PBOC's Yi Proposes Punitive Tobin Tax to Deter Yuan Speculatorsby
Deputy governor suggests levy, handling fees on currency deals
Idea contradicts China's global currency goal, says analyst
China should implement punitive measures such as a so-called Tobin tax to deter currency speculators, according to central bank Deputy Governor Yi Gang.
The steps could include a punitive levy on foreign-exchange trades and the imposition of “handling” fees to counter short-term capital flows that aim for arbitrage, Yi wrote in an article in China Finance magazine, a People’s Bank of China publication. He is revisiting the Tobin tax idea after mentioning it more than a year ago.
His comments suggest the PBOC take greater control at a time when China is looking to satisfy the International Monetary Fund’s condition that the yuan be more freely usable for it to be admitted into the agency’s Special Drawing Rights basket. While the nation is opening up its interbank bond and currency markets to foreign central banks, it has taken a series of steps to discourage bets on yuan declines after a surprise devaluation in August triggered the biggest monthly slide since 1994.
"Imposing a tax on foreign-exchange trades sounds contradictory to China’s goal of making the yuan a global currency," said Daniel Chan, a Hong Kong-based analyst at Brilliant & Bright Investment Consultancy Ltd. "A tax will increase the cost of transactions even for those doing normal hedging and could divert trades to other markets. The Tobin tax is difficult to implement and I see a low probability it will happen in China."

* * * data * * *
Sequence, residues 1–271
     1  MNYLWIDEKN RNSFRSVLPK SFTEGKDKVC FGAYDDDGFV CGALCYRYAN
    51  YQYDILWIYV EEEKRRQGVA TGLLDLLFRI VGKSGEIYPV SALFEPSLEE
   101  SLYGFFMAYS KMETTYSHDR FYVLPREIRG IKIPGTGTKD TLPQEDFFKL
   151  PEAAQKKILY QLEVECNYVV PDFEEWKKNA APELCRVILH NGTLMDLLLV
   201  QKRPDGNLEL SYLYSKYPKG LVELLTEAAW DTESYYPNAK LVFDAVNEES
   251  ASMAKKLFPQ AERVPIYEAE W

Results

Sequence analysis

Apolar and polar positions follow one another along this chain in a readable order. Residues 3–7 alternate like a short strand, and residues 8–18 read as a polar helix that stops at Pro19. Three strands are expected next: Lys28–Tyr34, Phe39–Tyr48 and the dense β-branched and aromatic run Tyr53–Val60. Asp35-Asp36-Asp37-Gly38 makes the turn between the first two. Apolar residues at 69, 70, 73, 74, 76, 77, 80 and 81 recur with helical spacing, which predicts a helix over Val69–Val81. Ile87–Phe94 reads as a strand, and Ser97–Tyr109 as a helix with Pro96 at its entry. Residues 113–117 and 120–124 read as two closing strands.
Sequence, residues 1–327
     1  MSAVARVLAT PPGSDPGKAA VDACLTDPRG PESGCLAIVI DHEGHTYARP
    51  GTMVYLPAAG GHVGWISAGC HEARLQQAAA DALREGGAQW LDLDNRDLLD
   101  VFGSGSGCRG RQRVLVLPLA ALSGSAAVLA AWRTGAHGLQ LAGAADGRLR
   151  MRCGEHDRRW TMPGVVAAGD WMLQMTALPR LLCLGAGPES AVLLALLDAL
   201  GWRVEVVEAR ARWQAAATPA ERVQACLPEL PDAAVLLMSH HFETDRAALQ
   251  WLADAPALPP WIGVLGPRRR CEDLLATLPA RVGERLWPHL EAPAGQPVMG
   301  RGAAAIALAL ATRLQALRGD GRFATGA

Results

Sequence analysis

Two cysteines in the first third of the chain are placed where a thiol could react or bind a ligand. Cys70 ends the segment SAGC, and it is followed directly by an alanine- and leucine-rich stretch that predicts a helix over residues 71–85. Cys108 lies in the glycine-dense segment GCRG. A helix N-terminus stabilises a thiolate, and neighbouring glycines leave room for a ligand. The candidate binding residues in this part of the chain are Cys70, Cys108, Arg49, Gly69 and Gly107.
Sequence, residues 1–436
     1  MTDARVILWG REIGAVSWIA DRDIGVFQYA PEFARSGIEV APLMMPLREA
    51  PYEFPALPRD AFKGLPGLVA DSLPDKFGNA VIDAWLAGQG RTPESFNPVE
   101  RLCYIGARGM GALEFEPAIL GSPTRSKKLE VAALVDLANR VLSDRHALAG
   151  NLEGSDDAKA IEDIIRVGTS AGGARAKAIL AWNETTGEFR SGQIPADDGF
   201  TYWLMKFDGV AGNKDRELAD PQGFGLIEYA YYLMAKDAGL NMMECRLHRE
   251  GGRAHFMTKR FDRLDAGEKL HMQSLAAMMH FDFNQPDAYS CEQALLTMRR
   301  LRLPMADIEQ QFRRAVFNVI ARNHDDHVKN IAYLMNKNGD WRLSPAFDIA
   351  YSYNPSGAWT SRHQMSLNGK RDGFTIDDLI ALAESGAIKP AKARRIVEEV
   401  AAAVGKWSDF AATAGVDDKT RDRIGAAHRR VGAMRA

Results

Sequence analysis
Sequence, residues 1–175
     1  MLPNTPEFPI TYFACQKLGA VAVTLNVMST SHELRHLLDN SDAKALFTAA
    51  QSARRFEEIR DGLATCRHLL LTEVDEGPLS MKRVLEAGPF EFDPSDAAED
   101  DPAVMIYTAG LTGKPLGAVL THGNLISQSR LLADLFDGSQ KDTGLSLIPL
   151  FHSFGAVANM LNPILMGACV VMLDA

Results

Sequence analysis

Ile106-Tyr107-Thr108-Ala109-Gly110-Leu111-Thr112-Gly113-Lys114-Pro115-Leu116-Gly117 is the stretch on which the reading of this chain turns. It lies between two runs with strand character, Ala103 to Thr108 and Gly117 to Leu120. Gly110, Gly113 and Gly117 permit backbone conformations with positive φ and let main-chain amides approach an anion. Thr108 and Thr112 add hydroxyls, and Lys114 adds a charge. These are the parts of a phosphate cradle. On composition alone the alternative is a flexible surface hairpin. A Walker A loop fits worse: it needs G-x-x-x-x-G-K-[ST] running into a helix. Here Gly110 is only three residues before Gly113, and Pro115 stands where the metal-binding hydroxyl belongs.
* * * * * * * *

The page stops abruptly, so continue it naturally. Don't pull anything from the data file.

Nobel Laureate economist James Tobin first proposed such a levy in 1972 after U.S. President Richard Nixon’s decision to abandon the dollar’s peg to gold pushed up global volatility. The tax has in the past been rejected by economies from Europe to South Korea because of the risk investors will simply take their business elsewhere.
The PBOC in September asked financial institutions to set aside 20 percent of yuan forward contract sales in reserve for a year with zero interest, while the State Administration of Foreign Exchange has told banks to conduct special checks on currency trading under capital accounts. An estimated $141.66 billion left China in August, exceeding the previous record of $124.62 billion in July, data compiled by Bloomberg show.
The onshore yuan, which fell 2.6 percent in August, advanced 0.3 percent to 6.3571 a dollar in September amid speculation the PBOC was intervening to support the currency. The offshore yuan traded in Hong Kong slid a record 3.48 percent in August and finished September up 1.36 percent at 6.3591. Chinese financial markets are on holiday Oct. 1-7.
Chinese authorities should continue to improve their monitoring and forecasting abilities for cross-border capital flows, such as by setting up a database, Yi said in the article titled "Direction for the Reforms and Liberalization of Foreign-Exchange Management." The country should ensure the implementation of cross-border fund sales with Hong Kong as it accelerates yuan capital-account convertibility, he said.